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Canadian Lawsuit Over Loot Boxes Say EA 'Operated an Unlicensed, Illegal Gaming System'

Targets gambling

Poorna Shankar Posted:
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EA is back in the news for the reasons you might expect. Loot boxes. Yup.

A Canadian lawsuit (viewable here via PC Gamer) spends some time defining loot boxes as, “a game of chance inside a videogame." To that end, the defendants of this class action lawsuit claim that loot boxes are a form of unlawful gambling.

The lawsuit continues,

“Gaming is strictly controlled and licensed in this country. In breach of these laws, the defendants have operated an unlicensed, illegal gaming system through their loot boxes…Through this suit, Canadian consumers seek to hold the defendants accountable for this unlawful conduct, and to recover their losses."

There are two plaintiffs in this lawsuit from British Columbia and Ontario. These plaintiffs previously bought loot boxes from EA in the Madden and NHL franchises. The suit itself, however, spans games released from EA from 2008 including FIFA 09-21, Apex Legends, Battlefield 4, Battlefield Hardline, Battlefield 1, and many more. However, Star Wars Battlefront 2 is not mentioned.

The lawsuit goes on to discuss the addictive nature of loot boxes saying,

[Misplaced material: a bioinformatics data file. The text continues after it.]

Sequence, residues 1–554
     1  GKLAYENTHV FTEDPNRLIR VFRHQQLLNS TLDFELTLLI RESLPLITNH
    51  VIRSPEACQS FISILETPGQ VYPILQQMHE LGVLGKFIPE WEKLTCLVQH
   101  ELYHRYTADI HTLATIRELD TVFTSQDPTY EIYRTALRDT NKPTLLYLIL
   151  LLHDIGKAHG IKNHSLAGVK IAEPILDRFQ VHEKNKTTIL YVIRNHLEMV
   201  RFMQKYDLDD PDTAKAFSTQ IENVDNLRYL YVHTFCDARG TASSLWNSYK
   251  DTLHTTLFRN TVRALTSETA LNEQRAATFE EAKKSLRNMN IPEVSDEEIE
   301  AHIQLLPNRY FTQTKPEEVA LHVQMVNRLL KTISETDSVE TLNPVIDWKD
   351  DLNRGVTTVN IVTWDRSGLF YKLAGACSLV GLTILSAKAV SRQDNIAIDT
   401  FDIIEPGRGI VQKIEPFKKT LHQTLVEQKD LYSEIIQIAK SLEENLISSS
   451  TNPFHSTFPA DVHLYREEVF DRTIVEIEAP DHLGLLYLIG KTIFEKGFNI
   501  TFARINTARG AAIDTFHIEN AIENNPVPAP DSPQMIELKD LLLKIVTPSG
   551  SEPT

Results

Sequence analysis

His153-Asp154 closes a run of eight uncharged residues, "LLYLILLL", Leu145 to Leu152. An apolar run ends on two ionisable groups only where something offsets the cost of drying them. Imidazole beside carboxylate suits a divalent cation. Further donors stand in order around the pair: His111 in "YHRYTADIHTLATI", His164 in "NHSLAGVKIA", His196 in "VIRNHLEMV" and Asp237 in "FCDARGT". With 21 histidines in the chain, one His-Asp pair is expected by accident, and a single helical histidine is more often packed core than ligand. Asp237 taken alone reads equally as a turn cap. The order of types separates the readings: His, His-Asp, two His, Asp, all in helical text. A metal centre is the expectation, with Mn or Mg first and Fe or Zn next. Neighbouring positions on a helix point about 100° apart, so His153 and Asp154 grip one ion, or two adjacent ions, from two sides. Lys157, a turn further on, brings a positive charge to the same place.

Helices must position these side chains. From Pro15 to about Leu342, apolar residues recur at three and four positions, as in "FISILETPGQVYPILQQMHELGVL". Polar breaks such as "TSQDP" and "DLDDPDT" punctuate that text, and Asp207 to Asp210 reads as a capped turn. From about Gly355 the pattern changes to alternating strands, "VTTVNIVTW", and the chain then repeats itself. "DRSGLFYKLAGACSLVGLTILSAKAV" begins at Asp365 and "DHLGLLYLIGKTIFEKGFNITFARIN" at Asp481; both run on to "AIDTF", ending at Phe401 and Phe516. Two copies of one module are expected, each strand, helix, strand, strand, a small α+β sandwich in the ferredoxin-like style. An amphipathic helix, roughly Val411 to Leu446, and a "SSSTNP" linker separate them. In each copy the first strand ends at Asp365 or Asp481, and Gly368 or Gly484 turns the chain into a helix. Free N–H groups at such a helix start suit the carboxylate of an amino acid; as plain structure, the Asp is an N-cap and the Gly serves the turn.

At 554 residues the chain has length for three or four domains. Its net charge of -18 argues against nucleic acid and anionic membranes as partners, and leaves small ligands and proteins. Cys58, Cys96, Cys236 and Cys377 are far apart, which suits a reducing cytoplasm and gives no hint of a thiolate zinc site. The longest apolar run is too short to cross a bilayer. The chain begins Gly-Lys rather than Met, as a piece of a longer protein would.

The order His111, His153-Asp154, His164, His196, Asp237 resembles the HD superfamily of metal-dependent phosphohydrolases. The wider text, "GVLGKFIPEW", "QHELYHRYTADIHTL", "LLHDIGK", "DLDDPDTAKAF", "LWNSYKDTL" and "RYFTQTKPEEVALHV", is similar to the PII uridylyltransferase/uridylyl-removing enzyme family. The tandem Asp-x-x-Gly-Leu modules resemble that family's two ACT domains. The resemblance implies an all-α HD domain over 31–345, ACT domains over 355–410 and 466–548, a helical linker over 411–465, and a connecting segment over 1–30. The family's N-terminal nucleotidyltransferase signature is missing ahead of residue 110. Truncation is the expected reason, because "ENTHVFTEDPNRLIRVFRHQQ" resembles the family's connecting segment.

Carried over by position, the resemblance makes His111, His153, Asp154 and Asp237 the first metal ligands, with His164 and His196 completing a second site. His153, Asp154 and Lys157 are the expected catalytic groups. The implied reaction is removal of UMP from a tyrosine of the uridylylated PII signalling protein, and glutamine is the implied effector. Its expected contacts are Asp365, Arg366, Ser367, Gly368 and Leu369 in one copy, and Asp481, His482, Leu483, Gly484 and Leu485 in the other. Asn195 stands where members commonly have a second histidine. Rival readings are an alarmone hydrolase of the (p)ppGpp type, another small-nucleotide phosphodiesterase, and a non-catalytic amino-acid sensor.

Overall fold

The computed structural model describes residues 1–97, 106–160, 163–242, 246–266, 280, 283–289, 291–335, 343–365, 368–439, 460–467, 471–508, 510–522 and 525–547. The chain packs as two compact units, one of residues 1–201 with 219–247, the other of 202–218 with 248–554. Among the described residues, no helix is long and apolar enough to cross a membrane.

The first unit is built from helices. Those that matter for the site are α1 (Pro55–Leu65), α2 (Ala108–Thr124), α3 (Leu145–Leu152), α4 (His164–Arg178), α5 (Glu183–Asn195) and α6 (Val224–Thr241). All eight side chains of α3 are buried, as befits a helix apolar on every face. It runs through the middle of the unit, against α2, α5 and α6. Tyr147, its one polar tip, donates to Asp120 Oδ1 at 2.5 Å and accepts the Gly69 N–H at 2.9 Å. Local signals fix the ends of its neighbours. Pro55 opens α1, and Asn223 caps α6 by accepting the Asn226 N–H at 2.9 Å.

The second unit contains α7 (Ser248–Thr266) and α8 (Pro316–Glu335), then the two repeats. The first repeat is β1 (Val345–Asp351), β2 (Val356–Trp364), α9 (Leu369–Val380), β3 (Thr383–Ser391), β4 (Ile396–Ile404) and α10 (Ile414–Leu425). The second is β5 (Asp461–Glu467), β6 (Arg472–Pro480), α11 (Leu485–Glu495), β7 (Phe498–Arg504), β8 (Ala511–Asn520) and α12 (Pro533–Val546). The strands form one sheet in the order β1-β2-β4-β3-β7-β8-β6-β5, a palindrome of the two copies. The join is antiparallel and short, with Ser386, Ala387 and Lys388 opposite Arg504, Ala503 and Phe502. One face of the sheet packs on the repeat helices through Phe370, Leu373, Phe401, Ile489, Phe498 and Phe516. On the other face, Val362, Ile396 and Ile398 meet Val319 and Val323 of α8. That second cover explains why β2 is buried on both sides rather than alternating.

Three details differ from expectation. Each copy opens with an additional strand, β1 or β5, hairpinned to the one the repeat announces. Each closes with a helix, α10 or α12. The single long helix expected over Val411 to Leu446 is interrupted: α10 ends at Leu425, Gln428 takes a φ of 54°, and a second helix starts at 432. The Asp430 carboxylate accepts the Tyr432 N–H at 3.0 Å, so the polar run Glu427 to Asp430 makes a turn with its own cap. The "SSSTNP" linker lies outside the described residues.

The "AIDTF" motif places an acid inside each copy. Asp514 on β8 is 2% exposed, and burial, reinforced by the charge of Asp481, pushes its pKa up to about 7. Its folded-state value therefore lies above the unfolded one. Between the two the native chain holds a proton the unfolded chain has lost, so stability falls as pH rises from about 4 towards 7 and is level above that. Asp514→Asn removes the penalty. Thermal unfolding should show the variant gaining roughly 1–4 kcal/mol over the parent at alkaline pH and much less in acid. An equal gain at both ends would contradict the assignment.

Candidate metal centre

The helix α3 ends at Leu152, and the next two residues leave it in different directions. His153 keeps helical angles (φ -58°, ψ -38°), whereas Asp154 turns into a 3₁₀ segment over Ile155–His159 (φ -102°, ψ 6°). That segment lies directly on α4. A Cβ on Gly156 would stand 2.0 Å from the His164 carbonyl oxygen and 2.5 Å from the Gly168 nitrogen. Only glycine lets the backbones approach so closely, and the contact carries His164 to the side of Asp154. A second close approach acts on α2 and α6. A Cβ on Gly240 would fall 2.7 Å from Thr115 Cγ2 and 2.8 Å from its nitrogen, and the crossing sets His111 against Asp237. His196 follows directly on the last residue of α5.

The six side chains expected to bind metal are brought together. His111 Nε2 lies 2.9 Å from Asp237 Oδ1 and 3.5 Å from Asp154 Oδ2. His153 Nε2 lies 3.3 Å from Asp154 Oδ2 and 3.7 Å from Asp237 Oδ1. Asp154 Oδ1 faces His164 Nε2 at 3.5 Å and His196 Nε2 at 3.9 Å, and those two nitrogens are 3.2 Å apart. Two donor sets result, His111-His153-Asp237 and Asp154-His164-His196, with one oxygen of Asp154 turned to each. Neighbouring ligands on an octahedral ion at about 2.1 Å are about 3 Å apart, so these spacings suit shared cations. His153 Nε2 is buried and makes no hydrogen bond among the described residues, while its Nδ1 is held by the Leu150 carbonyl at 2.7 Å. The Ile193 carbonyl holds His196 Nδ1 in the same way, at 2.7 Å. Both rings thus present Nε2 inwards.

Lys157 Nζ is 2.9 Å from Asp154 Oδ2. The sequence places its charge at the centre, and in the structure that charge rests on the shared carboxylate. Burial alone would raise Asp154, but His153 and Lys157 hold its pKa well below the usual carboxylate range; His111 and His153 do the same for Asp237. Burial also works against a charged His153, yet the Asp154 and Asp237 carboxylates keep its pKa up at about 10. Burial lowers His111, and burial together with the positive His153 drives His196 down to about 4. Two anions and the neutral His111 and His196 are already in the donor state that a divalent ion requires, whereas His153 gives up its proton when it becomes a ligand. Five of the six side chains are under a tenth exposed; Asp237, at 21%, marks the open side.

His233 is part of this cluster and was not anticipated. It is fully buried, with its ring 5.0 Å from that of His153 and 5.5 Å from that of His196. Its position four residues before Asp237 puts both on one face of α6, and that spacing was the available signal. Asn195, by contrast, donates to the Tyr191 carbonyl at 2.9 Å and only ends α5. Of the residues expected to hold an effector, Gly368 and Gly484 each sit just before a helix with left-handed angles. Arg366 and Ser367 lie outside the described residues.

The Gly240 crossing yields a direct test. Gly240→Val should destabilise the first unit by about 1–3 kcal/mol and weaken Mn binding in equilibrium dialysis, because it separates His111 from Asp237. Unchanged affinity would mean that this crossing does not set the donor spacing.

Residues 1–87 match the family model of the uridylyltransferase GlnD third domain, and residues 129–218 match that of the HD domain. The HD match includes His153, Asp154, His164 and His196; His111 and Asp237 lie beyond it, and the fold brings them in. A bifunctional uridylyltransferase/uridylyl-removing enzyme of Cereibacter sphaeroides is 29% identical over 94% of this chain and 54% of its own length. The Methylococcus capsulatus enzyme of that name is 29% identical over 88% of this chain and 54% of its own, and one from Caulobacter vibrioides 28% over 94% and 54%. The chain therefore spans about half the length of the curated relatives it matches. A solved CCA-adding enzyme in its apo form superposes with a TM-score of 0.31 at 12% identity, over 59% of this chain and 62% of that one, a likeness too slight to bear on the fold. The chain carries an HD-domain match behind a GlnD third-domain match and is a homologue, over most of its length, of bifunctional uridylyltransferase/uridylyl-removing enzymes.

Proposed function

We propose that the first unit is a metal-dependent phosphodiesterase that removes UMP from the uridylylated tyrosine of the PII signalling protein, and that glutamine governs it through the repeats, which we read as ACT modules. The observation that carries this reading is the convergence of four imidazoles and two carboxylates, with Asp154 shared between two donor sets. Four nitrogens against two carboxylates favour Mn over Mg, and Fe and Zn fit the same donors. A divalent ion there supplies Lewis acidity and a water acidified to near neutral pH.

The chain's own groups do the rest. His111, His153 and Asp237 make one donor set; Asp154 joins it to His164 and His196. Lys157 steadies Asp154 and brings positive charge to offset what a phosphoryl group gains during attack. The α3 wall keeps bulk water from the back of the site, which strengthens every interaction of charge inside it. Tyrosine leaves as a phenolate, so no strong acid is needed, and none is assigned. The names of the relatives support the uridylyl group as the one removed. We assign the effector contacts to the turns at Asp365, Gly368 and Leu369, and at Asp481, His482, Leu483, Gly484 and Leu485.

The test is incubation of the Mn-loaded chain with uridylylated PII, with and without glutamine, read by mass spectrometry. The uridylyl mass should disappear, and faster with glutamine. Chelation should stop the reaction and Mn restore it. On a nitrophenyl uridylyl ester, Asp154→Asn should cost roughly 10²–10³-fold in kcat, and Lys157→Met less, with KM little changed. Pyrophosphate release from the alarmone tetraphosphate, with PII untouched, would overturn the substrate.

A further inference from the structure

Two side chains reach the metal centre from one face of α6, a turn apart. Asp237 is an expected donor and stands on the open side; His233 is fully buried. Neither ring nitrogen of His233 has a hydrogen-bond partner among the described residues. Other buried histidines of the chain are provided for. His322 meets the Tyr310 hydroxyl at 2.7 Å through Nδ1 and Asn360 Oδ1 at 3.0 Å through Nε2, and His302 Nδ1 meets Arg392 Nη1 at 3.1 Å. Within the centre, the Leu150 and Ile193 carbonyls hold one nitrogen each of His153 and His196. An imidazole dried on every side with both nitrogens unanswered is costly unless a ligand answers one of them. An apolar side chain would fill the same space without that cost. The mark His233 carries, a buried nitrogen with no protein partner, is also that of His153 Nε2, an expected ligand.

“Loot boxes are considered part of the compulsion loop of game design to keep players invested in a game. Such compulsion loops are known to contribute towards videogame addiction and are frequently compared to gambling addiction."

The suit cites unfair practices, plus unjust enrichment, and breaches of competition. However, it keeps tying back to the issue of gambling by citing several countries – including Japan, Netherlands, Belgium, Korea, the US, and UK – have taken some sort of legal action against loot boxes.

If you have the time, be sure to check out the suit.


Poorna Shankar

A highly opinionated avid PC gamer, Poorna blindly panics with his friends in various multiplayer games, much to the detriment of his team. Constantly questioning industry practices and a passion for technological progress drive his love for the video game industry. He pulls no punches and tells it like he sees it. He runs a podcast, Gaming The Industry, with fellow writer, Joseph Bradford, discussing industry practices and their effects on consumers.